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Chemical ScienceCombustion

The race for more efficient engines

New technique lays the foundation for greener transport fuels and next-generation engines.    

Nov 26, 2016

A shock tube used to model the auto-ignition properties of light naphtha.

A shock tube used to model the auto-ignition properties of light naphtha.

© 2016 KAUST

The search for better engine performance powered by less polluting fuels will benefit from a new modeling technique developed at KAUST1.

Reducing the greenhouse gases released from the production and burning of fuels like diesel and gasoline —significant contributors to climate change—is a huge challenge facing the transportation industry.

Aamir Farooq, KAUST Associate Professor of Mechanical Engineering, and colleagues from the KAUST Clean Combustion Research Center worked with the Fuel Technology Team from Saudi Aramco and used an innovative technique for testing the properties of light naphtha, a fully blended low-octane highly paraffinic fuel. Farooq explained that this technique could open the potential for more advanced engines to run on fuels that release fewer greenhouse gas emissions.

“Optimizing fuel performance and engine designs must go hand-in-hand if we want to reduce emissions and improve engine efficiencies,” Farooq said. “Although gasoline and diesel engines have their advantages, we need a new type of engine that utilizes the strengths—while avoiding the drawbacks—of current engine technologies.”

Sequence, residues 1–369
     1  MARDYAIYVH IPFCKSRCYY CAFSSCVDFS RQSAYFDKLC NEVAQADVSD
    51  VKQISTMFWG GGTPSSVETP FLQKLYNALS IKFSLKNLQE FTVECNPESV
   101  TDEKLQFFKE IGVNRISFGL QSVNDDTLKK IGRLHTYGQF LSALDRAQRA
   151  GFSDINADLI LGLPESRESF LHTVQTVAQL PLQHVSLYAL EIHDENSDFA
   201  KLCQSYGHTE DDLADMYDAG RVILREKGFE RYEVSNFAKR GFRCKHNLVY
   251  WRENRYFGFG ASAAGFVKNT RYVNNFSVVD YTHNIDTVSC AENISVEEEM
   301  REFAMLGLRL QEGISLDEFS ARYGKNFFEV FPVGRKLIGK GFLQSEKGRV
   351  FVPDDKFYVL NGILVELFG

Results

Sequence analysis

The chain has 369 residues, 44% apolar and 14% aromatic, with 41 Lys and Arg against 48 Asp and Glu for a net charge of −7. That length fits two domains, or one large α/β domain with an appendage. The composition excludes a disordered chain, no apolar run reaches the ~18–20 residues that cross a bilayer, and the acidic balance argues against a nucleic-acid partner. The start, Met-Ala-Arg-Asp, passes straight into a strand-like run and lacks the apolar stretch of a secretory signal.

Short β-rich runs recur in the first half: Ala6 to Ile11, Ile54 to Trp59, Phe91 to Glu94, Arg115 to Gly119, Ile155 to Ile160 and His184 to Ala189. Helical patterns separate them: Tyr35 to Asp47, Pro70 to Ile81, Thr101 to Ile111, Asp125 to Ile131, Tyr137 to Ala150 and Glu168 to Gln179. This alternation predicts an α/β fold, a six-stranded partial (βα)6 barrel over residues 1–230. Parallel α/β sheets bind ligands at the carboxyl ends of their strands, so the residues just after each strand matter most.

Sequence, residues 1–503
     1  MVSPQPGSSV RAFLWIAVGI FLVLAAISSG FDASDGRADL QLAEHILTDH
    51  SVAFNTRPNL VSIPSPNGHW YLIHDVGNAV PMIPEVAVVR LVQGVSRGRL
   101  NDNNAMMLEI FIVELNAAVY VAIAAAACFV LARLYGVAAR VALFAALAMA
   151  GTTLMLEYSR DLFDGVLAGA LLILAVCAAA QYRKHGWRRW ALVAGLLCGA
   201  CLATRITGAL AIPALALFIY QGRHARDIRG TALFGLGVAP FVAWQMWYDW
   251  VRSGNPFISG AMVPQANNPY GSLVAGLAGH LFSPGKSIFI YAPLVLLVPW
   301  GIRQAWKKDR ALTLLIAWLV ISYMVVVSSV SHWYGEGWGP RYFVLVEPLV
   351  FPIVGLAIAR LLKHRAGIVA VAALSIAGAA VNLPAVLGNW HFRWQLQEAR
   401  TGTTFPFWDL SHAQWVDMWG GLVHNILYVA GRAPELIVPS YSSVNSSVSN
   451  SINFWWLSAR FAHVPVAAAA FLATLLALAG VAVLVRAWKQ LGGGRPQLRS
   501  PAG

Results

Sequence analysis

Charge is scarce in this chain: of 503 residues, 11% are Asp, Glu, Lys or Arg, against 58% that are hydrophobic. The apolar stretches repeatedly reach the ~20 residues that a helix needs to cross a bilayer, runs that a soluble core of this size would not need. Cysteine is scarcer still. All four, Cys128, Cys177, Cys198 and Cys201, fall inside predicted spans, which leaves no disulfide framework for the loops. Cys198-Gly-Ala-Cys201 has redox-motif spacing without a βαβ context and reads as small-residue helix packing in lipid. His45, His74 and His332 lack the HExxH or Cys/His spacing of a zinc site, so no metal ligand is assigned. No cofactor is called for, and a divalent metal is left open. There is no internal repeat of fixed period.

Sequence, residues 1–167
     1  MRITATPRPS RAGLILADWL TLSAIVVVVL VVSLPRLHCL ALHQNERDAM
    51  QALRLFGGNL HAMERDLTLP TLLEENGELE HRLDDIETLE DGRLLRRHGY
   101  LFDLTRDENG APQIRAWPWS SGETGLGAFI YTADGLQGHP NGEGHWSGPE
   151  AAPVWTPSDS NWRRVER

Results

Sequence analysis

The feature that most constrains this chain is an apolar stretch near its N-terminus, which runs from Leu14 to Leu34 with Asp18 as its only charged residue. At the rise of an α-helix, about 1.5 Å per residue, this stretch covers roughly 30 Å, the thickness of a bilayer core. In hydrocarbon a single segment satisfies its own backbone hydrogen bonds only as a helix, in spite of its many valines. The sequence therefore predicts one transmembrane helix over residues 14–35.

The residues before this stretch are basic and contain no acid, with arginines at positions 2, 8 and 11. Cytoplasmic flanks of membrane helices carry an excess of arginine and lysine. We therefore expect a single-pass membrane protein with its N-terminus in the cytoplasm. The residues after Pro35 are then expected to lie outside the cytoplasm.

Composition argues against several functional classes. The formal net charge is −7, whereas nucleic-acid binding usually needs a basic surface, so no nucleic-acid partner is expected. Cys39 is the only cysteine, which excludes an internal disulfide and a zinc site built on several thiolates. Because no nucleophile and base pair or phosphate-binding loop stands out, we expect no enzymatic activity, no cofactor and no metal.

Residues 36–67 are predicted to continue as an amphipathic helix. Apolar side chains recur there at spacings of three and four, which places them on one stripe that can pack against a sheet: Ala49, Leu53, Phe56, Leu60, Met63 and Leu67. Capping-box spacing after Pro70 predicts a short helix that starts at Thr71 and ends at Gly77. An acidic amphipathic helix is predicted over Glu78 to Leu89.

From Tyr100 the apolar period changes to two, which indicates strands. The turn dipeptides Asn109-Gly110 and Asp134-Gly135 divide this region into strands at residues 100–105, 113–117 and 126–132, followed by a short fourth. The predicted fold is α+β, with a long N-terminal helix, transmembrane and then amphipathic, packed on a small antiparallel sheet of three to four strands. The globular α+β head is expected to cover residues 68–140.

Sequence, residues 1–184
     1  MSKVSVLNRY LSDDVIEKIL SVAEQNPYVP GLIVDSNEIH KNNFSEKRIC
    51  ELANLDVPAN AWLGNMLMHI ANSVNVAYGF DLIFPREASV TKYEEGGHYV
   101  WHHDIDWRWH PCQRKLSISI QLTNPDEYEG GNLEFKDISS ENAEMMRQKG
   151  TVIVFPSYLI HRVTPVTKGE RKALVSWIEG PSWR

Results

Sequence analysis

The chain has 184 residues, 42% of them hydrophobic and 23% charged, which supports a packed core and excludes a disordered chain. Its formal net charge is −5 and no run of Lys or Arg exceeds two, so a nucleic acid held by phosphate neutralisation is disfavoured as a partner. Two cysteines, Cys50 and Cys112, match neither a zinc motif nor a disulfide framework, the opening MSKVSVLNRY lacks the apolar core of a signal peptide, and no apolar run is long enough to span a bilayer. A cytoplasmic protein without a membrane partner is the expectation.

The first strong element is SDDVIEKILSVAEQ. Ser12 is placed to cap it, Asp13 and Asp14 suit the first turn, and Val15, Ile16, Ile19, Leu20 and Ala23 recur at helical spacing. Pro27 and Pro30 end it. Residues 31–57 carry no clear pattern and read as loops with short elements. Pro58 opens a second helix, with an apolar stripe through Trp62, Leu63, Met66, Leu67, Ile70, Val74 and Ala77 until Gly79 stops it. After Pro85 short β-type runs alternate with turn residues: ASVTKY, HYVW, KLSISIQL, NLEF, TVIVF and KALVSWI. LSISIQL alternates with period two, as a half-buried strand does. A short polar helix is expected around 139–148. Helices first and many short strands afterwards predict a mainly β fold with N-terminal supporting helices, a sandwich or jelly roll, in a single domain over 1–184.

Compression-ignition and spark-ignition engines, commonly referred to as diesel and gasoline engines, have fuel efficiencies of only 35 to 40 percent. A new engine design called a gasoline compression-ignition (GCI) engine, however, promises efficiencies of up to 55 percent as well as releasing fewer harmful soot and nitrogen oxides compared to current engines.

However, realizing these benefits requires a fuel with auto-ignition properties somewhere between gasoline and diesel.

“The auto-ignition properties determine the performance of the engine and so have a significant influence on the engine’s design,” noted Farooq. “Like all fuels, light naphtha contains hundreds of compounds, so to perform detailed engine optimization, we need a simpler model of the fuel that is called a surrogate fuel.”  

The researchers compared auto-ignition properties of light naphtha with two surrogates—a simple primary reference fuel surrogate and a more complex surrogate—over a range of temperatures, pressures and fuel/air ratios. Operating at high temperatures, they first used a shock tube to study the auto-ignition behavior of the surrogates over different pressures. However, at lower temperatures reactions take longer, so a rapid compression machine was used to extend the observation time for the reactions.

They found the complex surrogate almost perfectly matched the light naphtha, and in particular at lower temperatures, providing a full picture of its auto-ignition characteristics.

“Our work has produced the first auto-ignition model for light naphtha, and it is being used by Saudi Aramco’s Research Center in Detroit to optimize GCI engine designs,” Farooq said.


  1. Javed, T., Nasir, E.F., Ahmed, A., Badra, J., Djebbie, K., Beshir, M., Ji., W. Swarthy, S. M. & Farooq, A. Ignition delay measurements of light naphtha: A fully blended low octane fuel. Proceedings of the Combustion Institute 36, 315-322 (2016).| article